In order to understand the impact of different demand shares on the system in more detail, Figures 7(b)7(d) give the 3D bifurcation diagrams of the rental price as well as the take-up price of decentralized long-stay apartments for different price adjustment factors and demand shares of decentralized long-stay apartment firms 1. Among them, Figures 7(b) and 7(c) show the rental prices of decentralized long-rental apartment 1 and decentralized long-rental apartment 2, respectively. The figure shows that when the system is in a stable state, the rental price of decentralized long-rental apartment increases with the increase of the demand share of that decentralized long-rental apartment enterprise in the market. When the system is in a chaotic state caused by the price adjustment strategy of decentralized long-rental apartment 1, the rental price fluctuations of decentralized long-rental apartment firm 1 and decentralized long-rental apartment firm 2 gradually weaken as the difference in the demand share of the two firms decreases. Figure 7(d) shows the take-up price, which shows that when the system is in the steady state, the take-up price increases with the increase of the difference in demand between the two decentralized long-rental apartments, and when the system is in the chaotic state caused by the price adjustment strategy of decentralized long-rental apartment 1, the fluctuation of the take-up price gradually increases with the increase of the demand share of decentralized long-rental apartment 1.

4.4. The Impact of Service Level of Long-Rental Apartment Enterprise on the System

Figure 8(a) gives the stability domain of the system when the decentralized long-term rental apartment firms adopt different service standards. The blue, purple, and pink parts represent the stability domain when , , and , respectively. The figure shows that the stability domain of the system increases gradually as the service level of a decentralized long-term rental apartment in the market increases. Thus, it shows that the more decentralized long-term rental apartment companies adopt the strategy of increasing the service level, the easier it is for the rent of decentralized long-term rental apartments as well as the rent of ordinary rental housing to maintain a stable state.

In order to understand in more detail the impact of decentralized long-term rental apartment enterprises adopting the strategy of changing service level on the system, Figures 8(b)8(d) give the 3D bifurcation diagrams of the rents of general rental housing and each decentralized long-term rental apartment when decentralized long-term rental apartment enterprise 1 has different price adjustment factors and service standards. Figure 8 shows that the equilibrium prices of both decentralized long-term rental apartments as well as general rental housing increase as the service level of decentralized long-term rental apartment enterprises increases. The service level of the decentralized long-term rental apartment firms only changes the stability domain of the system and does not change the volatility of the price when the system is in a chaotic state.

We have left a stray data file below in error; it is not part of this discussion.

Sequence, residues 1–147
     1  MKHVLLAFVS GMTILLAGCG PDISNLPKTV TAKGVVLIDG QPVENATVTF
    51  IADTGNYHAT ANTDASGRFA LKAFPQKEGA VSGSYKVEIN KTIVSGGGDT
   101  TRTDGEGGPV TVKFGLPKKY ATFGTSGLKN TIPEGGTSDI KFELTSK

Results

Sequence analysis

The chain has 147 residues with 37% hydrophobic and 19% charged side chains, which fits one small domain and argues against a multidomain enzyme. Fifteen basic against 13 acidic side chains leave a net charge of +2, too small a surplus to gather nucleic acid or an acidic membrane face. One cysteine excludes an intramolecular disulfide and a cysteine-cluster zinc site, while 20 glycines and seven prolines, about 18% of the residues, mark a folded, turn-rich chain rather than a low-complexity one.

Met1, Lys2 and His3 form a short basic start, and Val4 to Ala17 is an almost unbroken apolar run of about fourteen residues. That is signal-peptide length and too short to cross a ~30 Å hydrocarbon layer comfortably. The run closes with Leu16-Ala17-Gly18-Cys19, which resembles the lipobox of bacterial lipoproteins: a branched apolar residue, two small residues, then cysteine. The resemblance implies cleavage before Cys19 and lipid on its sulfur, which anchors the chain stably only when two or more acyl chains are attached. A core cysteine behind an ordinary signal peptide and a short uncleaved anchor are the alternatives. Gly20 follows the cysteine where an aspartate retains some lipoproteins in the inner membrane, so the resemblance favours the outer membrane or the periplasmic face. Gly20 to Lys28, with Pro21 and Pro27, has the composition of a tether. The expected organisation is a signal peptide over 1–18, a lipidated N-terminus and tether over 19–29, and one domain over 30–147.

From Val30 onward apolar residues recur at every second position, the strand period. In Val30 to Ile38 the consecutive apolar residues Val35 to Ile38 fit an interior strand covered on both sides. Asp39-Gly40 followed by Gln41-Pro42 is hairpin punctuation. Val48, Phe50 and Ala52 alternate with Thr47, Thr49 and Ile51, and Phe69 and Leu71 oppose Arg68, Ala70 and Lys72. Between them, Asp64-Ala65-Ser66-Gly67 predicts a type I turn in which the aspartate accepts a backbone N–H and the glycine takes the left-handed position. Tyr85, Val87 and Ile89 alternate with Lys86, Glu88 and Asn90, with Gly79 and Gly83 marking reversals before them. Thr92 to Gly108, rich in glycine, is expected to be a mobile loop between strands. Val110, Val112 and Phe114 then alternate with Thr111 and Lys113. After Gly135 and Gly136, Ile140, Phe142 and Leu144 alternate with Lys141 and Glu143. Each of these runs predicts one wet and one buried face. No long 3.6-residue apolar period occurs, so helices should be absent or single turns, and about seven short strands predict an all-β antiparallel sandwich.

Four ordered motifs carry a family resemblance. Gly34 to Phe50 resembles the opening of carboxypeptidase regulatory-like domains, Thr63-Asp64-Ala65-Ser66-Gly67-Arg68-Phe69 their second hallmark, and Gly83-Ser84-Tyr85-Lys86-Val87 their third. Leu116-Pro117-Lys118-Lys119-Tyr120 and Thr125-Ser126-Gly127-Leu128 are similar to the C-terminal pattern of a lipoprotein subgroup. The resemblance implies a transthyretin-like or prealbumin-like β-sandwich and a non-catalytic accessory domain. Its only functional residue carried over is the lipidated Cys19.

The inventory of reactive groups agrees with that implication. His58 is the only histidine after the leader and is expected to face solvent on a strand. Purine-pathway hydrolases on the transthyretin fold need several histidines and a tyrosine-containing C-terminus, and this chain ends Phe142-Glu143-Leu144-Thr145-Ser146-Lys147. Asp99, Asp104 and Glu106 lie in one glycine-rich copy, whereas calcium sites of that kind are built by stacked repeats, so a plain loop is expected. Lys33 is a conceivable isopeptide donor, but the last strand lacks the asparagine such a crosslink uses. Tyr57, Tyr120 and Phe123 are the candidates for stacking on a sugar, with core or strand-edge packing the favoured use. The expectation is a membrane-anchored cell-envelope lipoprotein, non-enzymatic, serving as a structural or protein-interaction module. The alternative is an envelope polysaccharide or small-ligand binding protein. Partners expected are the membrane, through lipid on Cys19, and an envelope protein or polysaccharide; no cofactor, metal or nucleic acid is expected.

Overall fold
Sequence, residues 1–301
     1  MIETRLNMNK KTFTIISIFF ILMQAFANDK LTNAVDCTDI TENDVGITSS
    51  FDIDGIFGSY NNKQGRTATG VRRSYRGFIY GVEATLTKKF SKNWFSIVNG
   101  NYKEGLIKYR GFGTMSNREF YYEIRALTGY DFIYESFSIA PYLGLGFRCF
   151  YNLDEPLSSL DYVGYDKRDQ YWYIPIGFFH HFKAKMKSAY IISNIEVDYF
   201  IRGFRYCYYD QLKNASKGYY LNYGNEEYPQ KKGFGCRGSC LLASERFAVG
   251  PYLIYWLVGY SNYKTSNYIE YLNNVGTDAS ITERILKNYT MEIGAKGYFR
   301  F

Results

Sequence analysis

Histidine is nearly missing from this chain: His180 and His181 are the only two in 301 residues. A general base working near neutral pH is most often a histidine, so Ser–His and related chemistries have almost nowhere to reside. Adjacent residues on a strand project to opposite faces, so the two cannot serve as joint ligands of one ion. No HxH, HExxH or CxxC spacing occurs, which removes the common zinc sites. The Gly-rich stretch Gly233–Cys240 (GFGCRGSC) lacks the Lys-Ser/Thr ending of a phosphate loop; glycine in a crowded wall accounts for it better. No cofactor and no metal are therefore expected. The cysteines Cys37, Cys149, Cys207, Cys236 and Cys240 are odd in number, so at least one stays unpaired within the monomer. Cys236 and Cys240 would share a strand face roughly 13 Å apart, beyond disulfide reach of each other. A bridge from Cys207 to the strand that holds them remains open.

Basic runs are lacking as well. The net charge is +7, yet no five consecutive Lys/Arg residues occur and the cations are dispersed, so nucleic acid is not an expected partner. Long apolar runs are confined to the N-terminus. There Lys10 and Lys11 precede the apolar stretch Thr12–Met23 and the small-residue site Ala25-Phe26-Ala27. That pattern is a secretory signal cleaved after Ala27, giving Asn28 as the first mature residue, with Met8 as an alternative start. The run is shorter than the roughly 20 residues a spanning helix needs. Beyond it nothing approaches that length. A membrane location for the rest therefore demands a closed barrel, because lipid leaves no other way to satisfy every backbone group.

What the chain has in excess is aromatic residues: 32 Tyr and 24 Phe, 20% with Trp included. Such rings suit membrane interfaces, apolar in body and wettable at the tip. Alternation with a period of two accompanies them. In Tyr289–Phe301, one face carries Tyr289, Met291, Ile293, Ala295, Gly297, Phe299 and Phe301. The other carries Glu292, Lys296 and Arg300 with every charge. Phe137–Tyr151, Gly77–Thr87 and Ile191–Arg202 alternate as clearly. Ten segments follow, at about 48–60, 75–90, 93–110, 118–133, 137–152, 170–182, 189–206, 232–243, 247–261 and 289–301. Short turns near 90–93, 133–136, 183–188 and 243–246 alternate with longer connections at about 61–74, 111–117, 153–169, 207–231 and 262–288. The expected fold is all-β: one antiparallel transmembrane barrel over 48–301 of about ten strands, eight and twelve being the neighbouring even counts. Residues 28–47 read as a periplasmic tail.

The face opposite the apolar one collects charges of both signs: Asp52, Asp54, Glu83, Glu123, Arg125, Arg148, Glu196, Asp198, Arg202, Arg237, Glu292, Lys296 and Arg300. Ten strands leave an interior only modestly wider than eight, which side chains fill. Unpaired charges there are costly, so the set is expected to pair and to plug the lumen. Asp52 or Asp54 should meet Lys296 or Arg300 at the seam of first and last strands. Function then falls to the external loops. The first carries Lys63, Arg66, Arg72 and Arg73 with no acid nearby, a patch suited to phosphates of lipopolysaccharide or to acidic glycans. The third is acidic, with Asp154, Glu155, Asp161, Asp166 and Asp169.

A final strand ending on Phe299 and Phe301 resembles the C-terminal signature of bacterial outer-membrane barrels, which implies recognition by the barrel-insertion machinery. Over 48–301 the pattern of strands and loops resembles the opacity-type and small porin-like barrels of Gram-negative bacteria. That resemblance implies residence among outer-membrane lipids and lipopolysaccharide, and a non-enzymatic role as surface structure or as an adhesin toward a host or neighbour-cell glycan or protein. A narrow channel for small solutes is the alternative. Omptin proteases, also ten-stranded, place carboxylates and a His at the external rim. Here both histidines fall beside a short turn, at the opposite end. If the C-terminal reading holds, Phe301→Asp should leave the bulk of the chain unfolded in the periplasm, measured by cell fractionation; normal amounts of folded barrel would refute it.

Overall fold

5. Conclusion

Through the reasoning analysis of the price adjustment strategies of the two decentralized long-stay apartments, the game system can easily remain in a stable state as long as the two long-stay apartment enterprises adopt smaller price adjustment coefficients, and as long as one of them increases the price adjustment coefficients, the system gradually destabilizes and then bifurcates by the enterprises gradually increasing the price adjustment coefficients.

Based on the discussion of the price adjustment coefficient of enterprises, numerical simulation is used to discuss the influence of landlord reference effect, demand share of decentralized long-term rental apartments, and service quality of long-term rental apartments on the system, respectively. It is found that these three factors not only affect the rental prices of two decentralized long-term rental apartment enterprises and the equilibrium prices of general rental housing but also have different effects on the stability and volatility of prices. Reference effect of landlords can mitigate the systemic stability of the firms’ price adjustment coefficients, and it can also reduce the volatility of the rental prices of the two decentralized long-stay apartment firms, especially for the firms with larger price adjustment strategies, but it can increase the volatility of the rental prices of general rental housing. As for the influence factor of demand share, the difference of demand share of two decentralized long-term rental apartments becomes the main reason to influence the system, in which the game system is more likely to remain stable when the difference of demand share of two long-term rental apartment enterprises in the market is small, but the game dynamics system is more likely to be destabilized when the difference between them is large. In terms of influencing the volatility of the system, the smaller the difference between the demand shares of the two firms, the less volatile the rental prices of the two firms, while the rental prices of ordinary rental housing will become more volatile due to the increase in the demand share in the market of the firm that takes a larger price adjustment factor. However, the change in service quality does not affect the volatility of rental prices of decentralized long-term rental apartments and general rental housing but only changes the stability of the system; i.e., the stability of the system is enhanced by the increase in service quality.